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American Passages: A Literary SurveyUnit IndexAmerican Passages Home
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3. Utopian Promise   

3. Gothic Undercurrents

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Unit Overview: Glossary

ambiguity - Doubtfulness or uncertainness of interpretation. Much gothic literature is considered ambiguous insofar as it rarely presents a clear moral or message; it seems intended to be open to multiple meanings.

American Renaissance - Standard if limiting description of the flowering of American art and thought in the mid-nineteenth century. The restricted "canonical" version is usually thought to include Emerson, Thoreau, Hawthorne, Melville, Poe, and Dickinson.

cult of sentiment - Eighteenth- and nineteenth-century cultural phenomenon in which emotions and feelings, as opposed to reason and logic, were seen as the routes to moral and social improvement. Sentimentality emphasized the ability to empathize with another's sorrow or to experience profound beauty. It was associated especially with literature written by and for women.

cult of true womanhood - Influential nineteenth-century ideal of femininity that stressed the importance of motherhood, homemaking, piety, and purity. While men were expected to work and act in the public realm of business and politics, women were to remain in the private, domestic sphere of the home.

gothic - In the eighteenth century and following, generally used for "of the Middle Ages." Then, through negative association with the medieval--often seen as the "Dark Ages" following the intellectual and social flowering of Rome--the term "gothic" shifts to literature, art, or architecture which attempts to disturb or unsettle the orderly, "civilized" course of society. Gothic works probe the dark side of humanity or unveil socio-cultural anxiety.

Manifest Destiny - Prevalent in America from its early days through the nineteenth century, the belief that divine providence mandated America to expand throughout the continent and to stand as a social model for the rest of the world.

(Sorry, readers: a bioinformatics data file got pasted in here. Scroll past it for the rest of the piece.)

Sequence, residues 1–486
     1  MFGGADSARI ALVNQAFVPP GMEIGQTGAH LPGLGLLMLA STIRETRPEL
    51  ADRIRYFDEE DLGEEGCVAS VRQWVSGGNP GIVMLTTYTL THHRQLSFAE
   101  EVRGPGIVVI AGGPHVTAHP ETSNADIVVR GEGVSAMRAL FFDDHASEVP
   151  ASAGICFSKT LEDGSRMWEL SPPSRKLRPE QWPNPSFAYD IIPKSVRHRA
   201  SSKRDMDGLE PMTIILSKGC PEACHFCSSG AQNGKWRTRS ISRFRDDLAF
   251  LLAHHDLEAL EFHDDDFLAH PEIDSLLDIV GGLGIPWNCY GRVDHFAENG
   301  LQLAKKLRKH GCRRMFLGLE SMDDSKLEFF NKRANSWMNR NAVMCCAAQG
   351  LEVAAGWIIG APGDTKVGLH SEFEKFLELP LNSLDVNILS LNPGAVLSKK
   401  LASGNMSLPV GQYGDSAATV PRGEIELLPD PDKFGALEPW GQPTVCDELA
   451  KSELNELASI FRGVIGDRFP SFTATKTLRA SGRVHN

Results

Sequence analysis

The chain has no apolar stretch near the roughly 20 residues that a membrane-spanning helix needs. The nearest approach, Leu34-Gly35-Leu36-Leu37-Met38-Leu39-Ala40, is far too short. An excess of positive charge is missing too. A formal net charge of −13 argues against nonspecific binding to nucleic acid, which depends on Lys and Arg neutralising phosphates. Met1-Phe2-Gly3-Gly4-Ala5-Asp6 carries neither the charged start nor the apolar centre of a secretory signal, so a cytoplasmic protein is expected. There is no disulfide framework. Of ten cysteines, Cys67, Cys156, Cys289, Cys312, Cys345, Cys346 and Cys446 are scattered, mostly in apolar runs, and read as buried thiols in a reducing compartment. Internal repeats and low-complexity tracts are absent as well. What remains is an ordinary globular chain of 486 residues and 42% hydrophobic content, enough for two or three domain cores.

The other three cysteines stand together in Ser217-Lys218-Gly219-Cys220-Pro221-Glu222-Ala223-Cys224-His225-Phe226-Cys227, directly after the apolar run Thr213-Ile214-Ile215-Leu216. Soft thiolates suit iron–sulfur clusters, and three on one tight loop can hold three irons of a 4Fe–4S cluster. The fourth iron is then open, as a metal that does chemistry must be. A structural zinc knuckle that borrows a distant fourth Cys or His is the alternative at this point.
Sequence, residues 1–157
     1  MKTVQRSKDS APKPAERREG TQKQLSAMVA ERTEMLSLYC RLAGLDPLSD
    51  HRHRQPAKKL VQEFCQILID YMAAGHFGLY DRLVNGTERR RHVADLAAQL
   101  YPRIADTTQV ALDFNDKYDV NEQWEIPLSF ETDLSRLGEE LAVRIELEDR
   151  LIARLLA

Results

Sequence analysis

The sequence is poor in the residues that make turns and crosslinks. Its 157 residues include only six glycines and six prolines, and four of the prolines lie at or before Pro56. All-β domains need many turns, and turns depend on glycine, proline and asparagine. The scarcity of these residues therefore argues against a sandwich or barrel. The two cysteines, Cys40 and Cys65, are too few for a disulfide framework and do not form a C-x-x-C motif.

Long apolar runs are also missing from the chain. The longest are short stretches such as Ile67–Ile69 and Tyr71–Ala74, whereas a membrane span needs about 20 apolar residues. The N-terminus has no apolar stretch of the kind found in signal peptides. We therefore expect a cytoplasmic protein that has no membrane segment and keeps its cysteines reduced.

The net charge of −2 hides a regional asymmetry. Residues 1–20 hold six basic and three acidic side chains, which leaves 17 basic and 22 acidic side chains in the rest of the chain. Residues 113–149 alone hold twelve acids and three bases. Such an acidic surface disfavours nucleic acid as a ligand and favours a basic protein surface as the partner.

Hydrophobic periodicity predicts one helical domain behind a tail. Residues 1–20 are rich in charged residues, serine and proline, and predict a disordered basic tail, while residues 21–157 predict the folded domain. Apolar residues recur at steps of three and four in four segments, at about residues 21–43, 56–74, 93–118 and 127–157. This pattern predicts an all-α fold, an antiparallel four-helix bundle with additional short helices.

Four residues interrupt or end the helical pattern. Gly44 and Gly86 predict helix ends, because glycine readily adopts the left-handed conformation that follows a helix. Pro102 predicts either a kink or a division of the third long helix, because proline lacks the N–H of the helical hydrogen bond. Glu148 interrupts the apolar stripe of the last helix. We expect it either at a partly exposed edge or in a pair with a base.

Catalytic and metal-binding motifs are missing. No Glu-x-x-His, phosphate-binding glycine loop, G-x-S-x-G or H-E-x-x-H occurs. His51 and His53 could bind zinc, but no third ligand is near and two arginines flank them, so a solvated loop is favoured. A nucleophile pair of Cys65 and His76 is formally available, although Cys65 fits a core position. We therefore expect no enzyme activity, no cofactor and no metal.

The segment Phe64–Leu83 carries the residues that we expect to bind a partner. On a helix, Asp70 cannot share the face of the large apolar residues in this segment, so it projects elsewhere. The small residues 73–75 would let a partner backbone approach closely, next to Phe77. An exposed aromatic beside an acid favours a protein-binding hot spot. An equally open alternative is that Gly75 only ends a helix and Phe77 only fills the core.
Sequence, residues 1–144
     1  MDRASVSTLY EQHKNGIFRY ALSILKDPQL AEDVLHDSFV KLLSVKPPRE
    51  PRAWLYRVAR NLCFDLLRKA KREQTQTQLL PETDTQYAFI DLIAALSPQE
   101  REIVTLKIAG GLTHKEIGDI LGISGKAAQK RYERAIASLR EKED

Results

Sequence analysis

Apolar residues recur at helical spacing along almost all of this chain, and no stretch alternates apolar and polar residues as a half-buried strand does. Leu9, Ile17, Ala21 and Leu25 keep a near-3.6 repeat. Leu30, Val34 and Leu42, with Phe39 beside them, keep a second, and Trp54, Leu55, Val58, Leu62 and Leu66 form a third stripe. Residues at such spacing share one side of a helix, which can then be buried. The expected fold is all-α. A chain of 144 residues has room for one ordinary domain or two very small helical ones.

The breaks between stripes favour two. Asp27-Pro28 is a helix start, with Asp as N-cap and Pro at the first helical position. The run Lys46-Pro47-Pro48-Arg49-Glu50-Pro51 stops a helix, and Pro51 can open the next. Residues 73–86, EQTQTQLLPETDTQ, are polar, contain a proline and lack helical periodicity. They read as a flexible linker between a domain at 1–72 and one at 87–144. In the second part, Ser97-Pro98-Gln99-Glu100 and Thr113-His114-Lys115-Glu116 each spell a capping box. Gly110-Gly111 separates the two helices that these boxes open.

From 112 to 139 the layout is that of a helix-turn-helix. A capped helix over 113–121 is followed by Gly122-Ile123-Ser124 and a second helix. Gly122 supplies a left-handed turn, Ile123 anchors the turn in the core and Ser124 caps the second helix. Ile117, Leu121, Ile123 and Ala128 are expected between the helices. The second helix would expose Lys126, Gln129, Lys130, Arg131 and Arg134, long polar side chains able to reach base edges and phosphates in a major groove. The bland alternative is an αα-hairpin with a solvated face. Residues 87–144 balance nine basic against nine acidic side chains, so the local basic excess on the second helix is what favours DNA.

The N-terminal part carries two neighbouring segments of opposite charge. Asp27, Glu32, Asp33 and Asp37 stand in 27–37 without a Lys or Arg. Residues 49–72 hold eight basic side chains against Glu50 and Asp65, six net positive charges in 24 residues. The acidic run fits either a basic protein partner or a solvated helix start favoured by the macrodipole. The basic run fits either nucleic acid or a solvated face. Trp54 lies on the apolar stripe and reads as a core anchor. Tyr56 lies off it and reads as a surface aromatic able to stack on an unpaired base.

original sin - The Calvinist belief that, because of the fall of Adam and Eve, all humans are born inherently sinful. Only God's free grace can save us from hell.

Romanticism - European American late-eighteenth-century and early-nineteenth-century intellectual movement that stressed human creativity, sensation, subjectivity, emotion, and fulfillment. Often associated with nature as an inspiring force, Romanticism emphasized the radically innovative individual, as opposed to the Enlightenment focus on the rationally ordered society. Gothicism is sometimes called "dark Romanticism."

ship of state - A metaphor for conceiving of society and government, in which the state is seen as a ship traversing treacherous waters (i.e., social conflict) and needs the steady guiding hand of a trustworthy captain (i.e., leadership) to steer it to safe harbor (i.e., peaceful consensus) before it founders (i.e., fails as a unified society). This metaphor represents part of the American tendency toward thinking via analogy (comparing how two apparently unlike things might clarify or explain each other) and typology (seeing cosmic or national history expressed or symbolized in everyday details).

spiritualism - A more comforting and optimistic idea of the afterlife than that offered by Calvinism: the belief that the human personality or soul continues to exist after death and can be contacted through the aid of a medium. Many in the mid-nineteenth century were hopeful that science would eventually prove the existence of spirits.

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